Personally, the more exclusions I see in a contract/warranty and the more any breeder stipulates for "won't do", "must do", the less I want to have to rely on them for the next 15 years, if we're lucky.

I'm also never happy with the phrasing of "ordering" a puppy. This isn't a pizza or a washing machine but a companion for myself and my family.

Aria's Friends is also one I would pass on. "Chocolate" again, pricing by color and size is just marketing - what the market will bear (it's not s if it takes more or costs more to breed this size vs that size, this color vs that color) and mixed breeding suggests to me that purebred's are not their focus.

They don't seem to be breeding poodles to poodles to improve the future of poodles. I didn't feel an interest to look any further at their site.

Safranne is a well known, long time breeder. I'd be very comfortable following up with them,

The wording that concerns you is predicated on their purchase contract "As indicated in the purchase contracts I have exercised every practice known as an ethical breeder at this time to produce sound, healthy Miniature Poodle puppies...".

I'd ask to see their purchase contract, and I'm hopeful that it will look rather different from Azizi's.

I didn't limit the OFA search for Amity to just poodles, but the non-poodles are not theirs (or at least are not a mixed breed).

To recap:
I'd be comfortable following up with for myself or recommending to someone else Amity or Safranne.

I would not be interested in following up with for myself or suggesting to someone else Azizi, Aria's Friends, or Krista's.

When you start looking thru the OFA results and start looking thru the other kennel names that they choose to breed with and to, and for many years in some kennel's cases, you get a feel for who has been breeding poodles with not just a love for the breed, but with an eye to breeding sound, healthy, beautiful poodles for the future.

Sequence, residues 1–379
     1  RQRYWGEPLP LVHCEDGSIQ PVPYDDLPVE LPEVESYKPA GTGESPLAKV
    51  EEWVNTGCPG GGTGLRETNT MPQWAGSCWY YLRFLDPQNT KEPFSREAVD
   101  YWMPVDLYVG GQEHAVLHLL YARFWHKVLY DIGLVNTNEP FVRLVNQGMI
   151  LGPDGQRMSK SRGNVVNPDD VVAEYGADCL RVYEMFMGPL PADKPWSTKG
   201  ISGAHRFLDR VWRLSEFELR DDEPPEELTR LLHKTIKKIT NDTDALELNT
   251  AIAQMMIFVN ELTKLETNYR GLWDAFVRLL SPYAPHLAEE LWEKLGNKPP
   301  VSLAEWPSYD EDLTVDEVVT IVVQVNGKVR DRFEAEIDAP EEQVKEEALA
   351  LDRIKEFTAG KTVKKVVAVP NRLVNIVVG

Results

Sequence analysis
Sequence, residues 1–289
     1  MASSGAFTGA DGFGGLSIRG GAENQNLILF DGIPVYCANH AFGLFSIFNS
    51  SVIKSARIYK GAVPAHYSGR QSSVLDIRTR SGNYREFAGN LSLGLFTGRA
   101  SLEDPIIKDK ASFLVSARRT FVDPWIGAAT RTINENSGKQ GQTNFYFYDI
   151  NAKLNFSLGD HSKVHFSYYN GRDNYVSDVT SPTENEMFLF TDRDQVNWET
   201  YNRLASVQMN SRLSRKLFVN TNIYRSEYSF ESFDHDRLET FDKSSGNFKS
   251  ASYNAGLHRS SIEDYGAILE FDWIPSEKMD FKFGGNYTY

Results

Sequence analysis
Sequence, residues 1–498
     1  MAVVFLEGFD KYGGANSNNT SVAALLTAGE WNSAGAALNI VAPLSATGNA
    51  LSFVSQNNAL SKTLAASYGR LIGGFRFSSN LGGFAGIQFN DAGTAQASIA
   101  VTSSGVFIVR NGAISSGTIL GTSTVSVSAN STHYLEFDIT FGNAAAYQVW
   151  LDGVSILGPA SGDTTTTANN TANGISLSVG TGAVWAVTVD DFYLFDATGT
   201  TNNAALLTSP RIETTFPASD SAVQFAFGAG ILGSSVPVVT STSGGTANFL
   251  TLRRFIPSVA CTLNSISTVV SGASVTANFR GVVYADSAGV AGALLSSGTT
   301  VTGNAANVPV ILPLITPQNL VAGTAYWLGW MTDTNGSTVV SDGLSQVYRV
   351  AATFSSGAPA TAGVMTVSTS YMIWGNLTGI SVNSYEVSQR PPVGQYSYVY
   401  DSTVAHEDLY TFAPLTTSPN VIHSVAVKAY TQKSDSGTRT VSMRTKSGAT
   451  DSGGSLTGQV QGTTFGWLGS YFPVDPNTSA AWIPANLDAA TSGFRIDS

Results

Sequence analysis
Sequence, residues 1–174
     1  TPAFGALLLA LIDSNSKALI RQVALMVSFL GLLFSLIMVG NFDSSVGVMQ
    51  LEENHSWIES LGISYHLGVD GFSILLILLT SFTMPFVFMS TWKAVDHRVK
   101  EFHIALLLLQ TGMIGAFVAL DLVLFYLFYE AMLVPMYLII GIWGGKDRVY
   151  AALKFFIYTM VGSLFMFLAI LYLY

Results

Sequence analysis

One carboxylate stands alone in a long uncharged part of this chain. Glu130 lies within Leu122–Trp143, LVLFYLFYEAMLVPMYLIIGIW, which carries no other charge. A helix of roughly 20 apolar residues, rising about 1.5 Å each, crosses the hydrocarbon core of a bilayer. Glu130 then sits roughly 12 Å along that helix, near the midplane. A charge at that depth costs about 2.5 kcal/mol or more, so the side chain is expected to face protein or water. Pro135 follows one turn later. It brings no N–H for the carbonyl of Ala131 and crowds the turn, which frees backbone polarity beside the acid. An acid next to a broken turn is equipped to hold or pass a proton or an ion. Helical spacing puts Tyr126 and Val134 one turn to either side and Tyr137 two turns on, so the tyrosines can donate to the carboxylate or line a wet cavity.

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4,353 Posts
@fedi_a, Rose covered it well, so I'll only add this.

As you search for a toy or miniature poodle, here are the DNA conditions that parents should have been tested for. Make sure you see original documentation.This is done with a simple saliva test. Also ask any breeder for documentation that the parents were vet checked for normal patellas (knees). This is to vastly lower the odds your puppy won't end up with luxating patellas, which depending on the severity, often requires expensive surgery.

Premium Member
7,212 Posts
Vita is correct. There are many tests that can be done. Generally the focus for recommendations are the OFA/CHIC recommended tests as the minimum (with some allowed exceptions mentioned in previous post). I would want to see any testing that the breeder states has been done with my own eyes at the source. If OFA, the info should be there, if PawPrint or any other lab that does testing of the DNA conditions, those results can be set to be seen by the breeder on the site. Trust and verify :).